Wayne State researcher receives $1.9 million grant to improve EPCs-based cell therapy for vascular diseases

Chunying Li, Ph.D., assistant professor in the Wayne State University School of Medicine's Department of Biochemistry and Molecular Biology, has secured his first R01 grant from the National Heart, Lung, and Blood Institute of the National Institutes of Health to study the role and mechanism of the chemokine receptor CXCR2 in regulating new blood vessel formation, the so-called angiogenesis.

The five year, $1.9 million grant (1R01HL128647) titled "Chemokine Signaling in EPC Angiogenesis: A Role of Lysine Methylation," aims to provide valuable information and potential therapeutic targets for enhancing endothelial progenitor cells (EPCs)-based cell therapy for certain vascular diseases, as well as advance the field of chemokine receptor biology.

"Bone marrow-derived EPCs hold great promise in regenerative medicine for the treatment of chronic or currently incurable cardiovascular diseases," said Li. "In settings of tissue ischemia or endothelial damage, EPCs are mobilized from the bone marrow into the circulation and home into sites of vascular injury, where they differentiate into mature endothelial cells and repair endothelial damage. Impaired EPC mobilization and homing influence vascular homeostasis and compensatory angiogenesis, and patients with reduced EPC levels are at increased risk for cardiovascular events and death."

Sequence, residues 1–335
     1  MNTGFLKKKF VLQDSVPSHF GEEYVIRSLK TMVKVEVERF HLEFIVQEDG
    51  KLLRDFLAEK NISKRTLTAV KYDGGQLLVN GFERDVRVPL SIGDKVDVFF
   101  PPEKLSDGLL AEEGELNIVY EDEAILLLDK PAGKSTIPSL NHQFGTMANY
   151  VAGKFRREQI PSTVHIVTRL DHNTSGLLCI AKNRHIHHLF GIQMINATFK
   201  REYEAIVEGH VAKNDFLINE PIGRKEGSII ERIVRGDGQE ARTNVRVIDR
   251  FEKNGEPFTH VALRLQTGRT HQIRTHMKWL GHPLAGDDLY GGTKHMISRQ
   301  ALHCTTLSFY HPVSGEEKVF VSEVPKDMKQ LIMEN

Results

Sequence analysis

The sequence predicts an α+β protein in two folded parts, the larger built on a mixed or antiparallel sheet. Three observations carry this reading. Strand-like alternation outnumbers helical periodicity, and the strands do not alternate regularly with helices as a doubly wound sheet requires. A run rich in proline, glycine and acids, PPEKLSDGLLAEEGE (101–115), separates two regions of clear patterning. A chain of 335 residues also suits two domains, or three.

"Despite its clear therapeutic potential, the molecular mechanisms that control EPC mobilization, homing and differentiation into endothelial lineage still remain incompletely understood," Dr. Li added. This lack of understanding in EPC biology represents a critical barrier in shifting the current paradigm of regenerative therapy from transplantation-based approach to endogenous activation of EPC repairing mechanisms. "Our project aims to define a yet-unexplored role and molecular mechanisms of lysine methylation of the chemokine receptor CXCR2 by a histone methyltransferase SMYD1 in modulating EPC migration and angiogenesis."

"We are honored to have the importance of our work recognized with this NIH grant," Li said. "I think it speaks to the potential high impact of this research project since the mechanistic characterization of the SMYD1-catalyzed CXCR2 lysine methylation are likely to provide valuable information for enhancing EPC-based cell therapy for certain vascular diseases, as well as to fundamentally advance the field of chemokine receptor biology. New therapeutic methods may evolve from this highly innovative study."

Source:

Wayne State University

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